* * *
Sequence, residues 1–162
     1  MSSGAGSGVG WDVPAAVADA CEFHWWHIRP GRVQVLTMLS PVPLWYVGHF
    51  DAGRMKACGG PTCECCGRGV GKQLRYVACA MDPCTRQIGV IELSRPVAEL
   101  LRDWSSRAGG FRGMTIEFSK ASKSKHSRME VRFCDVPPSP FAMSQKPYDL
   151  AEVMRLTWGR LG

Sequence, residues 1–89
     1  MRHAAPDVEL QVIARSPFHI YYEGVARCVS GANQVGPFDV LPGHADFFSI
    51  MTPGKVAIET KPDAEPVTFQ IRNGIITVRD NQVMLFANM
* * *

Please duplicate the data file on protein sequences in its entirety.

Sequence, residues 1–162
     1  MSSGAGSGVG WDVPAAVADA CEFHWWHIRP GRVQVLTMLS PVPLWYVGHF
    51  DAGRMKACGG PTCECCGRGV GKQLRYVACA MDPCTRQIGV IELSRPVAEL
   101  LRDWSSRAGG FRGMTIEFSK ASKSKHSRME VRFCDVPPSP FAMSQKPYDL
   151  AEVMRLTWGR LG

Sequence, residues 1–89
     1  MRHAAPDVEL QVIARSPFHI YYEGVARCVS GANQVGPFDV LPGHADFFSI
    51  MTPGKVAIET KPDAEPVTFQ IRNGIITVRD NQVMLFANM